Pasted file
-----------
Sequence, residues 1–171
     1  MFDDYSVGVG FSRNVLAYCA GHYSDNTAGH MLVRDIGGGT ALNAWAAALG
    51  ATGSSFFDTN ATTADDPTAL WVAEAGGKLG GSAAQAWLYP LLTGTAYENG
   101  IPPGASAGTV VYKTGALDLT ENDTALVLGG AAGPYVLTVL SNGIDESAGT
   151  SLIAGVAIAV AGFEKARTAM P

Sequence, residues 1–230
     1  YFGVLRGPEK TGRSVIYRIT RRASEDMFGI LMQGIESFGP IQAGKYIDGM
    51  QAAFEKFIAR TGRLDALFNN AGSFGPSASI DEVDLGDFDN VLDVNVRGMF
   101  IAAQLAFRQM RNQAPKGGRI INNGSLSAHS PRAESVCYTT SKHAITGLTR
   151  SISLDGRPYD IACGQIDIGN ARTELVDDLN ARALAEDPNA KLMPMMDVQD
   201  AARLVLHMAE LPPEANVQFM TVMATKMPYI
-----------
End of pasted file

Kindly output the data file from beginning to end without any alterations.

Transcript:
Sequence, residues 1–171
     1  MFDDYSVGVG FSRNVLAYCA GHYSDNTAGH MLVRDIGGGT ALNAWAAALG
    51  ATGSSFFDTN ATTADDPTAL WVAEAGGKLG GSAAQAWLYP LLTGTAYENG
   101  IPPGASAGTV VYKTGALDLT ENDTALVLGG AAGPYVLTVL SNGIDESAGT
   151  SLIAGVAIAV AGFEKARTAM P

Sequence, residues 1–230
     1  YFGVLRGPEK TGRSVIYRIT RRASEDMFGI LMQGIESFGP IQAGKYIDGM
    51  QAAFEKFIAR TGRLDALFNN AGSFGPSASI DEVDLGDFDN VLDVNVRGMF
   101  IAAQLAFRQM RNQAPKGGRI INNGSLSAHS PRAESVCYTT SKHAITGLTR
   151  SISLDGRPYD IACGQIDIGN ARTELVDDLN ARALAEDPNA KLMPMMDVQD
   201  AARLVLHMAE LPPEANVQFM TVMATKMPYI